Debutant director Zu Quirke’s psychological horror ‘Nocturne’ follows the same path as the several movies in the same vein, namely, ‘Black Swan,’ ‘The Perfectionist,’ and even ‘Whiplash.’ It emits an aura of a cautionary tale for any musically-gifted young person. The film tells the story of a sibling rivalry in which all involved parties have enough ambition and drive to pursue greatness, and neither of them is above being profoundly cruel to one another.
Quirke underscores the imperfectness and shortcomings of the two main protagonists quite early in the film. In doing so, she exempts them from a natural sense of pity that the audience tends to feel while watching movies with similar themes. Along with the predominantly Indian production ‘Evil Eye,’ ‘Nocturne’ is the second pair of entries in ‘Welcome to the Blumhouse,’ a collaboration between the eponymous horror production company and Amazon. SPOILERS AHEAD!
Nocturne Plot Synopsis
The film opens with the disturbing scene of the moments leading to the suicide of Moira Wilson. A music prodigy, she plays Giuseppe Tartini’s ‘Devil’s Trill Sonata’ on her violin in those last moments of her life. As the oversized grandfather clock in the room strikes 6, she puts the violin down, calmly walks to the balcony, and jumps to her death. The film then shifts its focus to its two main characters, twins Juliet (Sydney Sweeney) and Vivian (Madison Iseman). As Juliet later states, it was she who first showed an interest in music, but somewhere along the way, Vivian has left her behind.
Vivian gets accepted into Juilliard, and following Moira’s death, she is given a chance to perform the concerto solo. The sisters attend the same music school. Quirke establishes Juliet’s envy towards Vivian beyond a shadow of a doubt. She is jealous of Vivian’s talent, her relationship with her handsome and talented boyfriend Max (Jacques Colimon), and even the fact that she lost her virginity before her. Vivian approaches her sister’s anger and frustration through the magnanimity of a victor. But when the table is turned later in the film, she proves herself to be just as vicious and cruel.
Juliet finds Moira’s notebook, in which the dead virtuoso not only wrote down ‘Devil’s Trill Sonata’ but also painted these evocative images that Juliet believes correspond to the tragedies in Moira’s life. Later, she thinks that her life is following the same pattern by making her afraid that she is going to die, just like Moira. During the senior concerto competition, Juliet plays the same piano concerto as her sister, Saint-Saëns’ 2. This causes a rift between them that never really mends. She removes herself from the classes of her kind but conservative teacher Roger (John Rothman), believing that he is holding her back.
Instead, Juliet demands to be taught by Dr. Cask (Ivan Shaw), the school’s celebrity teacher, who also happens to be Vivian’s instructor. The principal of the school approves, and she begins training with Cask. During a secret student gathering off school grounds, Vivian breaks her arm and is suspended. Juliet replaces her for the concerto solo. But that is still not enough for her. She discovers that Vivian has cheated on Max with Cask and tells Max about it. He breaks up with Vivian and later sleeps with Juliet. Although he later regrets it, the damage has already been done.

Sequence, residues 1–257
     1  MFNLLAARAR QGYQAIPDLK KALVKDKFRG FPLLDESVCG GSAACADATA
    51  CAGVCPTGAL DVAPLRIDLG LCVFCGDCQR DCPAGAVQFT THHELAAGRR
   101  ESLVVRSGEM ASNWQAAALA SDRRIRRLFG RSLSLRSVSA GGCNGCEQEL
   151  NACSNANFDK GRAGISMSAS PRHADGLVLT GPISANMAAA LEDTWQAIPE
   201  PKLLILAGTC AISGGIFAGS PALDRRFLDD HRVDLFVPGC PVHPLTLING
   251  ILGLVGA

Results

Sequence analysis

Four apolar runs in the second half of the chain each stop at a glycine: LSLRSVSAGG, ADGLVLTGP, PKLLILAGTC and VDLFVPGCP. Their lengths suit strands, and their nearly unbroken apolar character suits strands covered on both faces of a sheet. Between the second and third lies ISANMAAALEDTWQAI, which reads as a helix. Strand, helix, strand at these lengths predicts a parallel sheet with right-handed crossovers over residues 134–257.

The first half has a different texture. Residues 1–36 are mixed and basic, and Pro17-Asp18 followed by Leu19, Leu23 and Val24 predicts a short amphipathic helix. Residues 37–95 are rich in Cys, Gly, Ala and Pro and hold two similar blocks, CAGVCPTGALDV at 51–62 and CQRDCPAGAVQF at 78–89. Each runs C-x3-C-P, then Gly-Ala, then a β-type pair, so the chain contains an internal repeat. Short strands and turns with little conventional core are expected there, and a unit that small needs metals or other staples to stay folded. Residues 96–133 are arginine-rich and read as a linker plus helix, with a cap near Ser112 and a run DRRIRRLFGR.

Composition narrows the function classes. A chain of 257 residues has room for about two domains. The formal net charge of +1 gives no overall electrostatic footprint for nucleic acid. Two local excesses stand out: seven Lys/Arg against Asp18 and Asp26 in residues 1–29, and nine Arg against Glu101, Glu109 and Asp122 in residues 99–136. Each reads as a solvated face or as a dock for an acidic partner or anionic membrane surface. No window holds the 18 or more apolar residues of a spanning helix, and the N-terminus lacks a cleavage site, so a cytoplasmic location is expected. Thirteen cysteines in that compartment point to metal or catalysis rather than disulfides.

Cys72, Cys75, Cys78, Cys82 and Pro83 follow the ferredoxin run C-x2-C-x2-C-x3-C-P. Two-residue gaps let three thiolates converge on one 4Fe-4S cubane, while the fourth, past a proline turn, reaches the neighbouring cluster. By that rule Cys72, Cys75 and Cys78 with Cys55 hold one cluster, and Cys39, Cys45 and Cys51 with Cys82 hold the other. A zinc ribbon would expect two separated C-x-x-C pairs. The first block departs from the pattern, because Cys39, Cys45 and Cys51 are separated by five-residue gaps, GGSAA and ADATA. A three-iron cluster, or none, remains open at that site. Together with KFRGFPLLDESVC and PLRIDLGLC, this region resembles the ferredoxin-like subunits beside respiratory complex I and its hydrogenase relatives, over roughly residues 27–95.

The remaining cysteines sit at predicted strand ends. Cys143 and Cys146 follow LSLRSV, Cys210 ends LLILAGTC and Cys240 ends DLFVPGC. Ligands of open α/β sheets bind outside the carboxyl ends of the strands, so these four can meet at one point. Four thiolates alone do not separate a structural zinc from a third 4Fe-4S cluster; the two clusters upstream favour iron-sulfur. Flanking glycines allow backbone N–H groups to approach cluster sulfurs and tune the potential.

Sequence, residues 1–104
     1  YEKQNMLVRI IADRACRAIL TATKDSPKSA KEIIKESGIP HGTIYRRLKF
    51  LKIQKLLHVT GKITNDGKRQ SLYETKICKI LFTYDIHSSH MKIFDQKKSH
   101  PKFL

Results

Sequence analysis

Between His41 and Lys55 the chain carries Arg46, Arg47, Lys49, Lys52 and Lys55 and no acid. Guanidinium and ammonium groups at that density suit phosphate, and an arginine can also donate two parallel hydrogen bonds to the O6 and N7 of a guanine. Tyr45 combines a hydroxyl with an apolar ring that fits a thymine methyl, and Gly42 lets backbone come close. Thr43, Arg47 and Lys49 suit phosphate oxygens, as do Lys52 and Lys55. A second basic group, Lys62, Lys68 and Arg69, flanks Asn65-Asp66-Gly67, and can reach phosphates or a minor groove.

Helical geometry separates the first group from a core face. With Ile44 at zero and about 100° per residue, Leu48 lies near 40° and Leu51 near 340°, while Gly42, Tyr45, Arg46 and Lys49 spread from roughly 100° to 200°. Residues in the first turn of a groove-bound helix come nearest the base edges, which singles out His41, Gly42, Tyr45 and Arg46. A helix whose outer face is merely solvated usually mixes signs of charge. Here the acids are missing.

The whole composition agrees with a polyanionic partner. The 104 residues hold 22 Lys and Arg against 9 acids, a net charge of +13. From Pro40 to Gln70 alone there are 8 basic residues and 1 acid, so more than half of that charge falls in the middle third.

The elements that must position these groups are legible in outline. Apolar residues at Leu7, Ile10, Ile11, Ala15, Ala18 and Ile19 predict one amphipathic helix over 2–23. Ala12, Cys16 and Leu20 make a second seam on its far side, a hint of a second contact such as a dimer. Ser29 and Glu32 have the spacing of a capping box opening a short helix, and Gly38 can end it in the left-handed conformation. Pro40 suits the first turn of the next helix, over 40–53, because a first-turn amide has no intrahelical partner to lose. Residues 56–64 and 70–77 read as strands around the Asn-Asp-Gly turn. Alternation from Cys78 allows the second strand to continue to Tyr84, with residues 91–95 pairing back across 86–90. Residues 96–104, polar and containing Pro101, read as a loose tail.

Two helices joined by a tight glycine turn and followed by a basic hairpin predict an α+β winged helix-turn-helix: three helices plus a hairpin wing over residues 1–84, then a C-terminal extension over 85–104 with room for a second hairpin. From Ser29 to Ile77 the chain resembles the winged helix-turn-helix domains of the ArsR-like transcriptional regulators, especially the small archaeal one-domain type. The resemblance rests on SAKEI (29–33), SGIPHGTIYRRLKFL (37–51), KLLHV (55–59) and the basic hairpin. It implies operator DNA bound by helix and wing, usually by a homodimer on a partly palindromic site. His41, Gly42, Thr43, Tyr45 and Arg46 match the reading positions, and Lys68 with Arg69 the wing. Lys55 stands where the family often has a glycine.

Cask’s relationship with Vivian becomes yet one more thing that Juliet takes away from her sister. It appears that since she has found Moira’s book, Juliet has successfully reverted all the aspects of Vivian life that made her jealous in the first place. As the ending approaches and Juliet prepares to perform the concerto solo, she is plagued with surreal experiences. The ending is complex, ambiguous, and vastly open to interpretations. Here are some possible theories about it.
The sisters have one last fight before Juliet takes the stage. Vivian seems to take a twisted pleasure in reminding Juliet that the last time she was on stage, she froze. When the time of her performance finally comes, Juliet freezes again and leaves the stage. Deeply ashamed, she kills herself by leaping from the school rooftop. But as she falls to her death, she has a vision of successfully delivering the performance.
If we are to believe that the film has supernatural elements in it, Moira’s notebook can be considered a way of making a deal with the Devil. When Juliet draws the missing sixth page of the notebook, she realizes that she is set to meet the same fate as Moira. Her greatest desire has always been to be perceived better than Vivian, and the Devil does deliver on that promise in the end. In the film’s final moments, the fear of her impending death proves too much for her, and she leaves the stage. During her fall, the Devil allows her a moment of contentment by showing her that she has delivered the performance.
Juliet’s performance is well-received, and as her principal says, she is truly a star. She subconsciously considers a scenario in which she left the stage and committed suicide like Moira. After her fall, the campus is shown to be rather full. If her death were real, other students would have noticed. The fact that they don’t, indicates that all of it is Juliet’s imagination.
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